Freedom of Speech and the BNP

We live in interesting times. For the first time ever, the BBC invited the BNP’s leader, Nick Griffin, to take part in an edition of its flagship discussion programme, Question Time. Their justification: the BNP represented the UK in the European Parliament and should, therefore, be treated as a normal political party and invited to engage in public debate.

The reaction was predictable and rather worrying. Politicians, the media and various other beacons of public opinion put enormous pressure on the BBC to withdraw the invitation; protesters protested, marchers marched, and placards were made and held aloft. Apparently, the BNP’s views are so reprehensible that they should not be given an airing in a democratic society.

That’s right: a democratic society should not allow certain views to be heard, in the name of democracy.

The programme, too, was predictable. Instead of the usual menu of current affairs and party-politicking, the entire show was dedicated to grilling, roasting and generally attacking Mr. Griffin. Only one question on a non-BNP -related topic was heard. Under the heat, poor Mr. Griffin came off rather badly, unable to give a convincing account of himself or his party.

Meanwhile, outside the studio the protesters protested and placards were held aloft.

The following morning, the newspapers and electronic media had a field day.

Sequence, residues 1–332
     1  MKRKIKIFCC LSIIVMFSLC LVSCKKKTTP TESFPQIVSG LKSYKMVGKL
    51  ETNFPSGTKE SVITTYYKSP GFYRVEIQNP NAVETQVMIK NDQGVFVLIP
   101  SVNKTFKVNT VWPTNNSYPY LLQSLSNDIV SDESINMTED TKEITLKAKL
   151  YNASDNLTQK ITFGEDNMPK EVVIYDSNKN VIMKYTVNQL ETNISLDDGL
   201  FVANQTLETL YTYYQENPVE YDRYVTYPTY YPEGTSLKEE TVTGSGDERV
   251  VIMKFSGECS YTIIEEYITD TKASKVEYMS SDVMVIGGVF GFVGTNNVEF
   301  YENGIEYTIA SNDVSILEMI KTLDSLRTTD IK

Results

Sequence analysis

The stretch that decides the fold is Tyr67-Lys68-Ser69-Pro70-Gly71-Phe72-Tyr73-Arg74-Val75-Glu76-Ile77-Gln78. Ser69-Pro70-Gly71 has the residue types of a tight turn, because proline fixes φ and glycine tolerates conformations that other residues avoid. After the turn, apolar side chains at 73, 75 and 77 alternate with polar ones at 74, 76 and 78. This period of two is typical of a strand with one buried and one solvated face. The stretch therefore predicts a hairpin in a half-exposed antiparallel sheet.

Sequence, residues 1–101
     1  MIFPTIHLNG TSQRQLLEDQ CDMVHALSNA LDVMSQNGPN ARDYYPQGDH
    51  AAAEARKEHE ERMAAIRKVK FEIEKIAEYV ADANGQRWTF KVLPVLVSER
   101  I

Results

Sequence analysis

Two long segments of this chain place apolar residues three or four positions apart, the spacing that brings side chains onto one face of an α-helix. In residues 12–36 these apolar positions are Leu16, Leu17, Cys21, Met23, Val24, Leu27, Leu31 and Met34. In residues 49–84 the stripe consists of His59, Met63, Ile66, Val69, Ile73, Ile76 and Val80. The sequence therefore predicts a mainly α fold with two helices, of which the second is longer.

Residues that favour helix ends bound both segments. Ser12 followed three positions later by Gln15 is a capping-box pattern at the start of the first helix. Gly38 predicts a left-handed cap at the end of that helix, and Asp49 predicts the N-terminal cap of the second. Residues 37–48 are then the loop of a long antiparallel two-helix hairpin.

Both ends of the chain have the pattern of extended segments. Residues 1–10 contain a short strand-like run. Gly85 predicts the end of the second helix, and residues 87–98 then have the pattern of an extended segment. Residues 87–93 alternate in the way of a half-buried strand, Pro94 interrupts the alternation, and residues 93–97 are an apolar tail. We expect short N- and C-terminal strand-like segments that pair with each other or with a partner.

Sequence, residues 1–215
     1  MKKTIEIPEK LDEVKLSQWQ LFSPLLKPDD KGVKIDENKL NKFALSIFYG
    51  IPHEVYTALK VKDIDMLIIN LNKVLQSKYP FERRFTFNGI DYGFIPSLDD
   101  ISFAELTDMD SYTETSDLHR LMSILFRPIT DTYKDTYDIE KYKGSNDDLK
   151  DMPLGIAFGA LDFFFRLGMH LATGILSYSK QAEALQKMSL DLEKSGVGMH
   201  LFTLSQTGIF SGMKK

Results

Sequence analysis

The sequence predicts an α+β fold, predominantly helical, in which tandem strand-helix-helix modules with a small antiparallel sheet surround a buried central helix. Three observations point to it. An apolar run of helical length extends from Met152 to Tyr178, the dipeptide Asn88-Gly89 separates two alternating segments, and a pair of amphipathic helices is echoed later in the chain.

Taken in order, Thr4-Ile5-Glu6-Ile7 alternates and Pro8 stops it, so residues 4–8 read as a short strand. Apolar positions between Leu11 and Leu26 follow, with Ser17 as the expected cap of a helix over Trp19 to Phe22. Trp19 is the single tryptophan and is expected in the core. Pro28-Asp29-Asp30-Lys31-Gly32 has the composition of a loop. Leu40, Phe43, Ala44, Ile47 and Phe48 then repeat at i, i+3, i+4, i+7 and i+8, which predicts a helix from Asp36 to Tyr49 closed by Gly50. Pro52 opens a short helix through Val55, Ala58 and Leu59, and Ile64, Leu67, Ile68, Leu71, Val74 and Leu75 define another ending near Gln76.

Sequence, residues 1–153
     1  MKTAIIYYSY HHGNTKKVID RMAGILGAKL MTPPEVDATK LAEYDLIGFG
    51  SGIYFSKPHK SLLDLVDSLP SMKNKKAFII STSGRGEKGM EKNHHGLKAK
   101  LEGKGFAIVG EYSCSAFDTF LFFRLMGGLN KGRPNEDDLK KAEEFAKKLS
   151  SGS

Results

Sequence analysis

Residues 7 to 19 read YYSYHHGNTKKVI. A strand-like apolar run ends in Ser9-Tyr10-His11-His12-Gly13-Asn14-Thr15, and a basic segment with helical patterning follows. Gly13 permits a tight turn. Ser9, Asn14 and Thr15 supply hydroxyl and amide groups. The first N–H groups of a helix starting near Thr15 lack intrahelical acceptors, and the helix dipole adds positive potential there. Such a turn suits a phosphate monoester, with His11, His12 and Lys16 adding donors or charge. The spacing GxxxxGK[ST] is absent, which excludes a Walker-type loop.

So what?

Most sensible people have little sympathy with the BNP’s worldview or political aims. However, things have come to a pretty pass when democracy demands the silencing of those whose views are reprehensible to the majority. On the morning-after, the Daily Express labelled Mr. Griffin, apparently without any irony, “A Disgrace to Humanity”.

We can only claim to believe in freedom of speech when that freedom allows those to speak whose views are most odious to us. Racism is bad. Immigrant-bashing, Holocaust denial and all that stuff is also bad. But pelting people who hold unpleasant views with eggs in order to silence them, as was done recently outside Westminster, is also bad. If the barometer of public opinion gets to decide whose views are allowed and whose are banned, we no longer operate in a democracy. Morally, there is no difference between silencing Nick Griffin on the BBC and silencing Dietrich Bonhoeffer on German radio in January 1933.

As the old cliché goes,

I disapprove of what you say, but I will defend to the death your right to say it.

Regardless of who coined the phrase, you can’t quibble with the sentiment. You’d better not—just in case it’s your views that fall foul of public approval. If you are a Christian, that’s more than likely.

The Benefit of the Doubt (8th Commandment)

You shall not give false testimony against your neighbour.

What does this mean?

We should fear and love God so that we do not tell lies about our neighbour, betray him, slander him, or hurt his reputation, but defend him, speak well of him, and explain everything in the kindest way.

It has been heartening to see the way the Eighth Commandment has been applied to Barack Obama’s little stumble over the oath of office. One commentator on the BBC‘s Today Programme even suggested that it was his oratorical genius that led to the mistake.

I can’t help wondering what the reaction had been if it had been Obama’s predecessor. Does the Eighth Commandment apply to all, or only to polished orators?